With a whimsical premiere, Radius Ensemble serves up an enjoyably varied season finale

May 17, 2024 at 12:16 pm

By Jonathan Blumhofer

Elena Ruehr’s Broadway Boogie Woogie was given its world premiere by the Radius Ensemble Thursday night at Pickman Hall. Photo: Christian Steiner

One shouldn’t take program titles too literally. For instance, “Epitome,” Radius Ensemble’s season finale at Longy’s Pickman Hall on Thursday night, didn’t quite showcase—as Radius artistic director Jennifer Montbach intimated it would—the defining works of all of its composers or the genres in which they worked.

What it did provide was a fresh lineup of old and new that spoke to the Ensemble’s conspicuous strengths. It also offered a final chance to celebrate the group’s 25th birthday. 

That aspect of the evening involved the night’s most notable offering, the world premiere of Elena Ruehr’s Broadway Boogie Woogie. Written for Radius’s full complement of ten wind and string instruments plus piano, the whimsical four-movement work takes Piet Mondrian’s eponymous painting as its starting point, veering from wry to reflective and impish, as well as a few things in between.

In her note on Broadway, Ruehr stated that she wanted to write something “fun to play and listen to.” Mission accomplished: Radius certainly seemed to be enjoying themselves onstage and the score, with its structural clarity, strong plays of contrasts, and moments of fetching acerbity sits well on the ear.

Thursday’s rendition, which was recorded for future release, emerged drolly and neatly colored. The first movement’s mix of mischievous refrains and languid lyrical turns conversed elegantly. So did the long-breathed oboe and flute melodies in the “Ghost Song.”

Though the concluding “Tiny Parade”—a mashup of Ibert and the Radetzky March—didn’t quite come off, the preceding “Blue Rag” provided tipsy, Bolcom-worthy panache (and maybe a snatch or two of Gershwin’s “I Got Rhythm”). Ultimately, Broadway was marked by an assurance of character that, as much as its musical content, helped carry the day.

The Radius Ensemble also performed music of Crumb, Reich and Bologne Thursday night. Photo: Liz Linder

There’s no shortage of personality to be had, either, in George Crumb’s Vox Balaenae. The 1971 classic for amplified flute, cello, and piano inhabits a world that is at once entirely its own but also strangely familiar.

On Thursday, one was struck by the sheer originality of Crumb’s writing, in particular his seamless blending of conventional musical production with a parade of extended techniques (not to mention masks and lighting effects). Flautist Sarah Brady dispatched the opening “Vocalise” with bracing eeriness, in the process crafting a beguilingly new-sounding instrument from her part’s mix of humming, breath tones, key clicks, and traditional playing.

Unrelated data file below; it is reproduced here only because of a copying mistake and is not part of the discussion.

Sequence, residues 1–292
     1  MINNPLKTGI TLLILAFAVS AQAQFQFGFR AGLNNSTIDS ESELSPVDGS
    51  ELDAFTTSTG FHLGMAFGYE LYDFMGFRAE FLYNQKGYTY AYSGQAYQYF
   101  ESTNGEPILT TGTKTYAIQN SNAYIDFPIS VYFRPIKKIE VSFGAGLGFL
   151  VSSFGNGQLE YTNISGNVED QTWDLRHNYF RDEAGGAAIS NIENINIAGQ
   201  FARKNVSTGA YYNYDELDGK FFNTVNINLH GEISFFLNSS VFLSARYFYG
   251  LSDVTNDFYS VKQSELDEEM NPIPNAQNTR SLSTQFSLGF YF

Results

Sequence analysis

So, at times, did pianist Sarah Bob, who spent much of Vox Balaenae under her instrument’s lid. The sounds that emerged, from thundering, Banshee-esque clusters to drones and bent notes in the “Variations on Sea-Time,” were as sonically astonishing and unpredictable as they were enchanting.

While the reading had its spotty moments—the whistling episodes of “Sea Nocturne” weren’t quite there and cellist Miriam Bolkosky had issues with the second movement’s “seagull effect” gestures and the last section’s high-lying artificial harmonics. Still,  there was a palpable intensity to the effort that was matched by the concentration of the evening’s packed house.

Similarly incisive and vitalizing was clarinetist Eran Egozy’s performance of Steve Reich’s New York Counterpoint. Written for eleven clarinets, ten of them prerecorded, the score might be subtitled “How many ways can you canon?” Egozy navigated more than a few, culminating in a raucous, jazzy account of Counterpoint’s last section.

Joseph Bologne’s B-flat major Sonata for violin and viola doesn’t quite offer the last. But it has got plenty of bright energy and, for the violin at least, idiomatic, bravura passagework.

Thursday’s rendition from violinist Gabriela Diaz and violist Noriko Futagami involved sparkling bariolage episodes in the Allegretto and a purposeful delivery of the violin’s double-stop variation in the second movement. Taken together, that largely compensated for the work’s lack of an engaging viola part and its limited textural vocabulary.

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